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How Safe Is That Toy?

Updated on September 18, 2013

Every so often we hear that a major manufacturer of children's toys has recalled products. Often the problem is something undetectable to unsuspecting parents, like a high lead content in paint, or insecurely attached small parts. Customers have no option but to purchase from companies they consider to be trustworthy, and have faith that the safety standards are high.

However, parents do not have to leave all responsibility with the toy manufacturers. It is quite simple to check a toy for potential dangers, and possibly save a child from injury or worse.

Here is a ten point safety check list of some of the issues to watch for:

  1. Small parts. Young children actually learn by feeling things with their mouths, so it is completely natural behavior to suck objects. Small pieces can easily be swallowed or inhaled, which can result in choking or suffocation. A type of toy often missed in this category is the soft toy stuffed with plastic pellets or polystyrene beads. Decorative buttons and beads can come loose and be swallowed. Many toys will give a recommended lower age limit of three years, simply because most children have stopped testing everything orally by that age. An easy solution is to remove small parts on a toy, and replace them once the child is old enough.
  2. Sharp edges and points. Children move quickly and unexpectedly, and can be unpredictable in the way they handle objects. Anything sharp or pointed which could cut or poke, especially in the eye area, should be avoided. Adult supervision is fine, but the adult should be alert to avoid accidents not only to children but to themselves.
  3. Cords or ropes. Anything which can go around a child's neck can cause strangulation. Be aware of what can be reached from the child's cot or crib. Mobiles can be dangerous if they can be reached. This also applies to items which are not toys, such as cords for window blinds and decorative ribbons.
  4. Balloons and plastic bags (including the packaging). Balloons are fine while they are inflated, but once they lose air or burst, the rubber becomes a dangerous choking and suffocation hazard. Children love to dress up, and will place items on and over their heads. Tragically the common plastic bag becomes a very real danger, as a child cannot breathe through the plastic. Throw all packaging away and make sure the toy has nothing which could be placed dangerously over the head.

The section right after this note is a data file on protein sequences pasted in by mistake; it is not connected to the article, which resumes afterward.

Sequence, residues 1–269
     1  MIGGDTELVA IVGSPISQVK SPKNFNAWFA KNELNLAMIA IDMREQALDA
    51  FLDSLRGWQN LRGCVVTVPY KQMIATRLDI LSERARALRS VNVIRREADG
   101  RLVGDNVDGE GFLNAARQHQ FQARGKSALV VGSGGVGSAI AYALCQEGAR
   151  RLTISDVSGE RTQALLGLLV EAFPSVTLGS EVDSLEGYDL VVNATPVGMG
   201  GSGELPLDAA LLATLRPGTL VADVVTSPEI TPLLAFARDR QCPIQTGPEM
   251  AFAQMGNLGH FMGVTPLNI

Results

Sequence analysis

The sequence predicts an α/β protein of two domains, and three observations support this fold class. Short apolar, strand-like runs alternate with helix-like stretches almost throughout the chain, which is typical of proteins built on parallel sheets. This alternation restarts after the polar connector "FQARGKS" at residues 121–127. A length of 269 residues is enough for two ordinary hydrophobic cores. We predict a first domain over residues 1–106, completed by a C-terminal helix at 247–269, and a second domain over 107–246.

5. Foam and foam-filled toys. While a foam toy might look safe, young children could easily bite a small piece off.
  6. Projectile toys. Anything that fires out of a toy will travel at a fast speed, and could harm a child at close range. There have been many injuries cause by toy guns and bows and arrows. Even if the projectiles have safety tips, never forget that children are creative and might find other items to fire from the toy.
  7. Ride-on toys. No matter how safe bikes, scooters, rocking horses and other ride-on toys are, they will be dangerous if not used correctly. Firstly check the recommended age and stick to the manufacturer's guidelines. Look for stability - make sure that the toy will not easily fall or tip over. Rocking horses can flip if the runners are not long enough. Wheels and fixtures should be securely attached. Watch for chains or moving parts where small fingers could get caught. Purchase safety equipment such as helmets and pads when available. Above all, supervise until you are confident in your child's ability.
  8. Loud toys. Children have sensitive ears, so avoid toys which are very loud, or can be turned up to be loud. Try holding the toy to your ear when it is at its loudest. If it is uncomfortable to you, don't buy.
  9. Toxic or poisonous toys. Look at the labels of products such as drawing equipment or modeling clay, or any toy which contains liquid of any sort. Choose non-toxic items, as children will almost always put these items in their mouths. Even if the liquid is enclosed, a break could see it spilt and accidentally swallowed.
  10. Battery operated toys. If a toy has batteries, look for the type where the battery panel is safely screwed down. Check that the screws are secure. Batteries contain acid, and are very dangerous if swallowed.

Obviously, the very best way to try and ensure the safety of children is diligent adult supervision. Nevertheless, if risk of accident or injury can be reduced, it is a very positive measure.


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